Saturday, September 04, 2010

Copying is not theft: A message for the digital age

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Easily the single most common (and simultaneously, the most blatantly false and exasperatingly dumb) argument launched against filesharers (smeared as “media pirates”) is that “piracy is theft”. Those who use and actually believe in this sort of thinking obviously fail to grasp numerous notions about the Internet and how digital information and media is created, stored and shared around – and the fact that filesharing is all about sharing, through copying, not just taking (or “stealing”) some material or content and handing it over to someone else, thus leaving the original proprietor empty-handed.

The fact of the matter is that laws, concepts and economic models that apply to the material world simply can’t be applied in the same way to the virtual world of the Internet. One example is supply and demand, a concept that is rendered utterly inexistent online, as one only needs to upload a single file once for it to be shared around ad infinitum, with no additional cost to the original proprietor. The original material won’t change, diminish or disappear, no matter how many people download a copy of it. To put it all into terms that even anti-filesharers can (maybe) understand, here’s a simple little video explaining this self-evident fact through song and cutesy animation. [Video below the fold.]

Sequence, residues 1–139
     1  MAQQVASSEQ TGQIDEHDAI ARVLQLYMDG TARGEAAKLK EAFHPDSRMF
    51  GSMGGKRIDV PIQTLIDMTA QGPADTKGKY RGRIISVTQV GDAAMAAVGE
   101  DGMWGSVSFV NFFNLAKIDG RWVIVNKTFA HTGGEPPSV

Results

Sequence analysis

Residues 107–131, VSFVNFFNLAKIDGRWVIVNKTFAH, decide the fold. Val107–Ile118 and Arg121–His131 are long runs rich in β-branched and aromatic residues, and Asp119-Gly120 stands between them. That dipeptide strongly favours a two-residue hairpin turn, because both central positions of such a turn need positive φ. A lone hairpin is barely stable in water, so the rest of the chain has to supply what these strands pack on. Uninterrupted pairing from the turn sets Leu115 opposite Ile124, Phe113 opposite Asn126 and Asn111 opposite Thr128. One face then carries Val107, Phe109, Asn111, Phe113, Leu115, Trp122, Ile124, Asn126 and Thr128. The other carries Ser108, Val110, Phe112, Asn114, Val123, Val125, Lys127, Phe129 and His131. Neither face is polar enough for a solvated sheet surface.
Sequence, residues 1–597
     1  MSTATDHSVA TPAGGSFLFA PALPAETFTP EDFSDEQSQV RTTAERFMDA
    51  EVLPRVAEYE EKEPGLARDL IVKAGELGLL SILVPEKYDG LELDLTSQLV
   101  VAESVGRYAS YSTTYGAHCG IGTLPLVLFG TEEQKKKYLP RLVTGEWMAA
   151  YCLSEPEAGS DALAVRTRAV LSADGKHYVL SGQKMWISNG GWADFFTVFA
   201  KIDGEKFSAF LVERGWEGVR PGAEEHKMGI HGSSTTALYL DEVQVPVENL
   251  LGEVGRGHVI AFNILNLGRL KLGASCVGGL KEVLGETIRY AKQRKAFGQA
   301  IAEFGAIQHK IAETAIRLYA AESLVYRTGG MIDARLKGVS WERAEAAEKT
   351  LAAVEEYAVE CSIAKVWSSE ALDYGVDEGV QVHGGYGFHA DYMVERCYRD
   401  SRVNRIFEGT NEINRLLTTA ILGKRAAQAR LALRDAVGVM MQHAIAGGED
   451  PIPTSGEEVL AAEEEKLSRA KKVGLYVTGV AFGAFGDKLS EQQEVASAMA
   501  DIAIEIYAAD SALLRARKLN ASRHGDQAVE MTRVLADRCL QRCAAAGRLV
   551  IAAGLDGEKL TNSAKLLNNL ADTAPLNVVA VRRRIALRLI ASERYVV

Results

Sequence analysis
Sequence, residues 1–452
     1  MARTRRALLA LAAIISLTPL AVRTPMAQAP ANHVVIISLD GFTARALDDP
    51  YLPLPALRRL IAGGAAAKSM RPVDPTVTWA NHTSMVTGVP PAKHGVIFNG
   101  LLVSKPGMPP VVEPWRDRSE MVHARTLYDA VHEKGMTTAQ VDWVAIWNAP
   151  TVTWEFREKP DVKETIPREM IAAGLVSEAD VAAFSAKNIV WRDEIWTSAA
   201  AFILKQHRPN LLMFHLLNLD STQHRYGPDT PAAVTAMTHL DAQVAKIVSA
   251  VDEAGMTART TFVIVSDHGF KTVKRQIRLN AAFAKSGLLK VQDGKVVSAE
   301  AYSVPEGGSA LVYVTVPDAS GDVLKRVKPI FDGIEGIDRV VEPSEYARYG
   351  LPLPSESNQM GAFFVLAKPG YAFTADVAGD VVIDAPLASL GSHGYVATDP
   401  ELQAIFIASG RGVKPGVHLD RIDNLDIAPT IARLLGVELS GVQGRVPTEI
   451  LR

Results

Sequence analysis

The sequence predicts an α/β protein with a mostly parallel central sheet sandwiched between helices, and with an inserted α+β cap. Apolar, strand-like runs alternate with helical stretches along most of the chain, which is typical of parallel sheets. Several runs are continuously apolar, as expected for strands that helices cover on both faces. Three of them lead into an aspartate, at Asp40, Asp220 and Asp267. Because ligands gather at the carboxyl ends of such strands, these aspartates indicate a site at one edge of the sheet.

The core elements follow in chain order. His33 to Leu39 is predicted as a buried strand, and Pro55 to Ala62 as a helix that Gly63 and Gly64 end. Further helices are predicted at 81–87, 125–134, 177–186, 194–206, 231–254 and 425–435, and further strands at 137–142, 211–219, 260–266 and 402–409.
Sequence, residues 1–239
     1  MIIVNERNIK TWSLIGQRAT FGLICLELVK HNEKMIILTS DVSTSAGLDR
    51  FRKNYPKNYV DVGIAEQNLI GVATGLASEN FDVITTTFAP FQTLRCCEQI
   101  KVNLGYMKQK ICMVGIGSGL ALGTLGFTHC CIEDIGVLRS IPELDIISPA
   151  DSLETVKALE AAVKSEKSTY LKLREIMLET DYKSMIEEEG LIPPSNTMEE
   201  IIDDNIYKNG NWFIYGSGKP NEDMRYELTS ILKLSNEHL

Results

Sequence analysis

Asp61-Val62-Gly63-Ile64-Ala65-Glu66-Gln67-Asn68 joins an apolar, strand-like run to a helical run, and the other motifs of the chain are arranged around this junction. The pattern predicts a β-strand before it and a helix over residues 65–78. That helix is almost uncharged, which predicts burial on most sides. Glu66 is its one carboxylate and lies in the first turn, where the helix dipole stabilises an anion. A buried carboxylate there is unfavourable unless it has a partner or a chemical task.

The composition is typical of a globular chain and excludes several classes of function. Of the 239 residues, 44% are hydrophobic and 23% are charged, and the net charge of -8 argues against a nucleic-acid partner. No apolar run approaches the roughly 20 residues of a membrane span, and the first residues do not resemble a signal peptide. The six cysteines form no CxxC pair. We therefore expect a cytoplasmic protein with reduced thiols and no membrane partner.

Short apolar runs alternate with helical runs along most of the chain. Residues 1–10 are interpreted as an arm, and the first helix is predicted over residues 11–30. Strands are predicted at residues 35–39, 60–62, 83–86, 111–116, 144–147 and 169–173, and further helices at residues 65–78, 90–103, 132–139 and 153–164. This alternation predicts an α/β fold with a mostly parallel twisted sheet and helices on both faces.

If anything, “media piracy” is a prime example showing how legality has no inherent correlation with morality, and that just because an act is illegal does not actually make it morally wrong. Such is the case with so many things these days.

(via @todayspolitics)